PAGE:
The Rahbar, Imam Seyyed Ali Khamenei of Iran has repeatedly drawn attention to the importance of developing a ‘Resistance economy’. This includes reliance on indigenous talent and production to eliminate the need for imports or external support.
Nelson Mandela has become an international icon principally because of his long struggle against apartheid. In post-apartheid South Africa, his legacy of resistance, however, has had mixed reaction without taking away anything from his personal charisma.
Resistance to the US occupation continues in Afghanistan.
The Afghans have defeated another self-proclaimed superpower. The US and its NATO allies are looking for a face-saving exist while the Afghans deliver one more lesson in resistance and dignified existence.
With the passing of the 64th anniversary of the Nakba, (the establishment of the illegal Zionist state on the land and homes of Palestinians), shall we mourn or celebrate?
Their situation being precarious at the best of times, last month was even worse than usual for President Hamid Karzai and the foreign occupation forces in Afghanistan. A day after Kabulreceived pledges of $20 billion in aid from donors at the Paris conference, the Taliban carried out a spectacular raid on the Sarposa prison in Qandahar, releasing nearly 1,200 prisoners, among them 400 Taliban fighters, on June 13.
There has been a significant increase in militant activities by Chechen forces in recent months, at a time when both the Kremlin and Ramzan Kadyrov, its pawn in Chechnya, insist that the situation has been “normalised”, the war is over and that the rebel forces have been “fully defeated”.
The US and its allies are not only losing the war in Afghanistan, but their military alliance, the North Atlantic Treaty Organisation (NATO), is also on the verge of unravelling as a result of this failure. Several Western officials, including US secretary of state Condoleezza Rice, defence secretary Robert Gates, British foreign secretary David Miliband and Lord Paddy Ashdown, a British peer, have in recent days given dire warnings about NATO’s impending collapse.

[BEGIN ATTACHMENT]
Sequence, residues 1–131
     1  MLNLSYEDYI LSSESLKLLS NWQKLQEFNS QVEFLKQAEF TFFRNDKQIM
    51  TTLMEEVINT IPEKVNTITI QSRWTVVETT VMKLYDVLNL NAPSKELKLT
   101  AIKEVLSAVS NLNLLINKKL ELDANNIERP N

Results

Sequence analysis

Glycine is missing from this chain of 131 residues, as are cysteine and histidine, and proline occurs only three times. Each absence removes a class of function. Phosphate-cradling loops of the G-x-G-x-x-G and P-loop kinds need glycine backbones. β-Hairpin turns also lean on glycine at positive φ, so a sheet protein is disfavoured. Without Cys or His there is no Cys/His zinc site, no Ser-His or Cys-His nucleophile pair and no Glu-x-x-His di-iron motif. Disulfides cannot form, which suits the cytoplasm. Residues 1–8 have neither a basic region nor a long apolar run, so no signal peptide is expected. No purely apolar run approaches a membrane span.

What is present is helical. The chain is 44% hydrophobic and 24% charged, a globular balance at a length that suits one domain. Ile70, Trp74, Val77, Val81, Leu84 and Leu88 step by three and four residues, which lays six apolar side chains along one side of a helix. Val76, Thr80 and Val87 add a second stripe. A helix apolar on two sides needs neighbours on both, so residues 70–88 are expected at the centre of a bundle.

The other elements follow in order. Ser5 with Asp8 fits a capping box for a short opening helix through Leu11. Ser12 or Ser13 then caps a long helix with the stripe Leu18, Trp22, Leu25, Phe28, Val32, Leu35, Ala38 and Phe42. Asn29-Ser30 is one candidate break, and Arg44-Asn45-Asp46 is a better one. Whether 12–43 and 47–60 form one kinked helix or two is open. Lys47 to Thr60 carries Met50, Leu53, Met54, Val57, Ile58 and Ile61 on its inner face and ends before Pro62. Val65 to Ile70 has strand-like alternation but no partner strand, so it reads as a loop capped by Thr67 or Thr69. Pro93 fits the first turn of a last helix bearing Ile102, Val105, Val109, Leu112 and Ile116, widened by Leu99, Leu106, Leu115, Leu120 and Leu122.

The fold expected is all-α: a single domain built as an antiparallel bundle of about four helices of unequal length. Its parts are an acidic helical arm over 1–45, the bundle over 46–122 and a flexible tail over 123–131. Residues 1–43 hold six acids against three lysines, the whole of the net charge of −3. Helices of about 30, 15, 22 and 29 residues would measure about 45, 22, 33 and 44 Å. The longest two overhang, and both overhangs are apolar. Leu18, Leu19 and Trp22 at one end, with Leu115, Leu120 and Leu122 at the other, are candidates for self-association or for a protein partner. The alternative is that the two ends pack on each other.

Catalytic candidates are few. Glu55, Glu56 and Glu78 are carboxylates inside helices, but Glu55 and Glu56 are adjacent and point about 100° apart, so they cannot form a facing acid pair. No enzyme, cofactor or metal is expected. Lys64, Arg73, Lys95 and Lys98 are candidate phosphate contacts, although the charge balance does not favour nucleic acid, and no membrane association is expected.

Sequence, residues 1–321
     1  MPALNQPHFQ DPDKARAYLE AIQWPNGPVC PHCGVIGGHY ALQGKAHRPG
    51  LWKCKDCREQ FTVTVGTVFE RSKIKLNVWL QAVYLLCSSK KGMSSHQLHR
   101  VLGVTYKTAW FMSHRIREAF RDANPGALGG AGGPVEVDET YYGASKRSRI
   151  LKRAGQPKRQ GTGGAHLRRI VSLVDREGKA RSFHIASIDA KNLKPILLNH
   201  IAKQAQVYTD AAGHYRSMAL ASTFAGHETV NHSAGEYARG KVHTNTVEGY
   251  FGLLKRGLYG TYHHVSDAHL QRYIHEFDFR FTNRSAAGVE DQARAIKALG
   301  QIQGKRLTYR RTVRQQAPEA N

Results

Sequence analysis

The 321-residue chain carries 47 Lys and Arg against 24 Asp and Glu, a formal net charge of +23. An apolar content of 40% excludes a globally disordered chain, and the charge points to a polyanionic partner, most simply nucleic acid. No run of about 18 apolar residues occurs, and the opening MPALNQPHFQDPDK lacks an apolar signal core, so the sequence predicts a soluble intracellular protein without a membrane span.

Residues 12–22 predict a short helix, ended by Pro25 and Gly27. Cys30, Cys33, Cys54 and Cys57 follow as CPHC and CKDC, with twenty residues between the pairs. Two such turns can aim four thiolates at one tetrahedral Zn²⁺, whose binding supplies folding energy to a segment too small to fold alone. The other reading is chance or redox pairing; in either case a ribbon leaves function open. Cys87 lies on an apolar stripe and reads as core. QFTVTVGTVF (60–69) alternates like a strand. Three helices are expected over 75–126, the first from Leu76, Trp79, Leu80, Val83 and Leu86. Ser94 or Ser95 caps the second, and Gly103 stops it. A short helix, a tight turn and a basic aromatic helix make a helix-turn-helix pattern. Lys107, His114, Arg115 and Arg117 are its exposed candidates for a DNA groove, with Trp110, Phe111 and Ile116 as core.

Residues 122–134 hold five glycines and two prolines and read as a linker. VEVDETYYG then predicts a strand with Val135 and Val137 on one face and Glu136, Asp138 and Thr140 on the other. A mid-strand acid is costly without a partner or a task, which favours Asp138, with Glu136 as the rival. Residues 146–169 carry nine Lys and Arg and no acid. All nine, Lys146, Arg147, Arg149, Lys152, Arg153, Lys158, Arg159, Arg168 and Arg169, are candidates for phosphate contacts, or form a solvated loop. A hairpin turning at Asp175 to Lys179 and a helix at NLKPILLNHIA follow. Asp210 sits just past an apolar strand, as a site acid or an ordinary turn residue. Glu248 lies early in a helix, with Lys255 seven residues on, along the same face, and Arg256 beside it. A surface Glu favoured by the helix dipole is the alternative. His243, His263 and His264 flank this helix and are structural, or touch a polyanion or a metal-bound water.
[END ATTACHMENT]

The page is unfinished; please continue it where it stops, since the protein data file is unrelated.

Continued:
When the history of the US occupation of Iraq is written, November 2003 may well come to be recognised as a turning point, a month in which a number of developments took place indicating the US’s increasing desperation in the face of determined and increasing Iraqi resistance to its presence in Iraq.
The bombing of the UN office in Baghdad on August 19 was the largest resistance attack on the Western occupiers since the invasion in March. At least 20 people were killed, including Sergio de Mello, the diplomat heading the UN’s mission in Iraq...
After weeks of dismissing the attacks on their troops as the last gasp of the deposed Ba’athist regime, increasing resistance has forced American officials to admit that something like a real guerrilla movement is gathering momentum in Iraq.